Cisco just launched a $1 billion investment fund for AI startups — and it's already backing Mistral, Cohere, and Scale AI

The Cisco logo is on display at their pavilion during the Mobile World Congress in Barcelona, Spain, on February 28, 2024.
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Cisco has set out why the networking giant should be seen as a key player in the age of generative AI, announcing a billion dollar investment fund and program to make it easier for enterprise customers to run their own AI.

At the Cisco Live event in Las Vegas, the firm launched the fund to invest in AI companies. Cisco said it has already committed nearly $200 million of the $1B investment fund so far, and said it is making “strategic investments” in AI companies including Cohere, Mistral AI, and Scale AI to complement its ongoing AI strategy.

Cohere provides security-focused frontier large language models (LLMs) and Retrieval-Augmented Generation (RAG) capabilities aimed at enterprise customers. 

Mistral AI specializes in generative AI while Scale AI provides training and validation for AI applications. Cisco recently participated in Scale AI’s Series F funding as the round’s largest strategic investor.

The move from Cisco forms part of a concerted effort to tap into what has become a lucrative industry over the last 18 months. The firm pointed to recent research from tech analyst IDC which suggests the global AI market is expected to double in size to over $500 billion in the next three years.

The networking giant wants to use generative AI to enhance its products and services. Investing in these companies and forging closer ties is a good way to keep up with the latest developments, the firm said.

Cisco said that over the past several years, it has made over 20 AI-focused acquisitions and investments, furthering generative AI and machine learning capabilities and integration of AI across its portfolio.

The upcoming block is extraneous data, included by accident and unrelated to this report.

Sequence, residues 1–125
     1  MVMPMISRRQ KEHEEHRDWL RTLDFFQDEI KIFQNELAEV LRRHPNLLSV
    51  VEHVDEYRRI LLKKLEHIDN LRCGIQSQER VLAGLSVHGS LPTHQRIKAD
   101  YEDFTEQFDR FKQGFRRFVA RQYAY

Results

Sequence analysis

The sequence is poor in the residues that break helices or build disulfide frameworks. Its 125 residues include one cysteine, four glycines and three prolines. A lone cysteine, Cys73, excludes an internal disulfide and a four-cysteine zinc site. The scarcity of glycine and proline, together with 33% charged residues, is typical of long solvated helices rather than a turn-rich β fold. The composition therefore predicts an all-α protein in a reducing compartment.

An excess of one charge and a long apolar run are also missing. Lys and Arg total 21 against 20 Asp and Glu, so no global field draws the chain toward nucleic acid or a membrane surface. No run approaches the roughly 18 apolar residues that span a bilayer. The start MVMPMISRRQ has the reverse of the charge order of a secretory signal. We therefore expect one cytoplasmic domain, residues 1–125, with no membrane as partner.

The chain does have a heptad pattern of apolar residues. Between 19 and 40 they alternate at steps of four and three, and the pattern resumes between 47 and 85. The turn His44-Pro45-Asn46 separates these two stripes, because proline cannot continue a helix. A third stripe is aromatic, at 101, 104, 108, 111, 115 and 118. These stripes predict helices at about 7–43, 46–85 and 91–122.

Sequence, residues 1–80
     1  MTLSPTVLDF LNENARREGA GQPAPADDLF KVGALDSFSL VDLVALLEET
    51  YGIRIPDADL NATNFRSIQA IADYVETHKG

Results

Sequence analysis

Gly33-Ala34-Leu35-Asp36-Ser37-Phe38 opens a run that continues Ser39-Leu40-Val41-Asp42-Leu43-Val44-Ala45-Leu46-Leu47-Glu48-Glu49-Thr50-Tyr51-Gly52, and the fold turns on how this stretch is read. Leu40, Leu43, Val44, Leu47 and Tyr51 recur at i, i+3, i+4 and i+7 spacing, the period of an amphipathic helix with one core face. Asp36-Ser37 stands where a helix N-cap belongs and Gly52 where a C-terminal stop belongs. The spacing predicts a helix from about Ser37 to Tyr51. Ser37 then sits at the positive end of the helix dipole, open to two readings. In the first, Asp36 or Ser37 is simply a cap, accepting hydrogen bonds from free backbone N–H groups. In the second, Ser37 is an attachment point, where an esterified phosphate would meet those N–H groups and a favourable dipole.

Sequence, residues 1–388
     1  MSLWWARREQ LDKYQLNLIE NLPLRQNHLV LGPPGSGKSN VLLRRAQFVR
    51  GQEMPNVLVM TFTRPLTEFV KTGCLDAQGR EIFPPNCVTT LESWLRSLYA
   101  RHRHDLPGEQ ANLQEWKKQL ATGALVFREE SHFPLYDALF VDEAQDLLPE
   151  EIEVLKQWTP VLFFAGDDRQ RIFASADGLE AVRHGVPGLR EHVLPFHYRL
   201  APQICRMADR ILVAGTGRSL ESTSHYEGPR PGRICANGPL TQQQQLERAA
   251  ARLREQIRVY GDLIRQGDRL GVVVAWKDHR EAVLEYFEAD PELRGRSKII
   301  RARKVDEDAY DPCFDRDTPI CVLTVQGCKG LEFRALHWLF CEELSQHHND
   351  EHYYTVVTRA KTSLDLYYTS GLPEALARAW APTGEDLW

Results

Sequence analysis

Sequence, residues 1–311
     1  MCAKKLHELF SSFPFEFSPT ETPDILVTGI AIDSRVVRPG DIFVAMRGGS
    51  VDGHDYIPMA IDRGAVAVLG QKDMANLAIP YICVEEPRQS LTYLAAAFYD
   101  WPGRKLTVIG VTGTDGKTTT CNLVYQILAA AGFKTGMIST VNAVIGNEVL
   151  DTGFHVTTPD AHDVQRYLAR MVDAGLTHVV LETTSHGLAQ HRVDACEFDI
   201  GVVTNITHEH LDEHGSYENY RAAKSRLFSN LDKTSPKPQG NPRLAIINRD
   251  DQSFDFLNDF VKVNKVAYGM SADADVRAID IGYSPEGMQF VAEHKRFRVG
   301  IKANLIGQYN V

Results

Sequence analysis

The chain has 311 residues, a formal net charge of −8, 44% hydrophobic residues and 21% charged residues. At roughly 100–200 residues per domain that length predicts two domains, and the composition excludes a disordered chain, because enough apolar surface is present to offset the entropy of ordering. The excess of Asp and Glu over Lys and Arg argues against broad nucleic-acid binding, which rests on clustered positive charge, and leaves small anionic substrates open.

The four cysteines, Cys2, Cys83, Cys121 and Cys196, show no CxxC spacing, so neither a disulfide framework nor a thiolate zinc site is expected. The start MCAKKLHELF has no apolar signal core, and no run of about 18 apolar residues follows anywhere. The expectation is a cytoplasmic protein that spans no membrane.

Cisco eyes collaborative ties with AI innovators

In addition to these investments, Cisco will also be working with AI companies on product collaborations that allow it to co-innovate. One thing that makes Cisco attractive to AI companies is its enterprise connections, because that’s something that they don’t have according to chief strategy officer Mark Patterson.

“AI is fundamentally changing every industry around the globe, it's changing the way users and businesses communicate with each other, it's changing the way they leverage technology and Cisco, we believe, has a very significant role to play being the trusted partner to help our customers navigate this new era,” he said.

“At the highest level, Cisco connects and protects the AI era,” he added, pointing how Cisco provides infrastructure to power AI, starting at the hyperscale level, but also with eyes on enterprise customers as they start to deploy AI in their own data centers too.

“Both organically and inorganically you are seeing us invest in a big, big way across the entire ecosystem and across the entire technology stack for AI in an effort to be the partner to help our customers navigate this transition,” he said.

Customers need to secure and protect AI because they are bringing some of their highest value data together, Paterson added.

Cisco unveils Nexus HyperFabric

At the event, Cisco unveiled its Nexus HyperFabric AI clusters which it said will  make it easy for enterprise customers to build infrastructure to run generative AI models and inference applications without deep IT knowledge and skills.

The AI cluster combines Cisco AI-native networking with Nvidia’s accelerated computing and AI software, and a robust Vast data store. The clusters will allow customers to focus on AI innovation rather than managing the IT infrastructure, the company said.

While the promise of AI is clear, the path forward for many just starting out is not, said Jonathan Davidson, executive vice president and general manager at Cisco Networking.

“Customers often face economic and operational challenges to get an AI stack up and running.”

Cisco’s own research suggests that in the next two years, 60% of IT leaders and professionals expect to deploy AI-enabled predictive network automation, and 75% plan to deploy tools that offer end-to-end visibility via a single console into different network domains including campus and branch, WAN, data center, internet, public clouds, and industrial networks.

Steve Ranger

Steve Ranger is an award-winning reporter and editor who writes about technology and business. Previously he was the editorial director at ZDNET and the editor of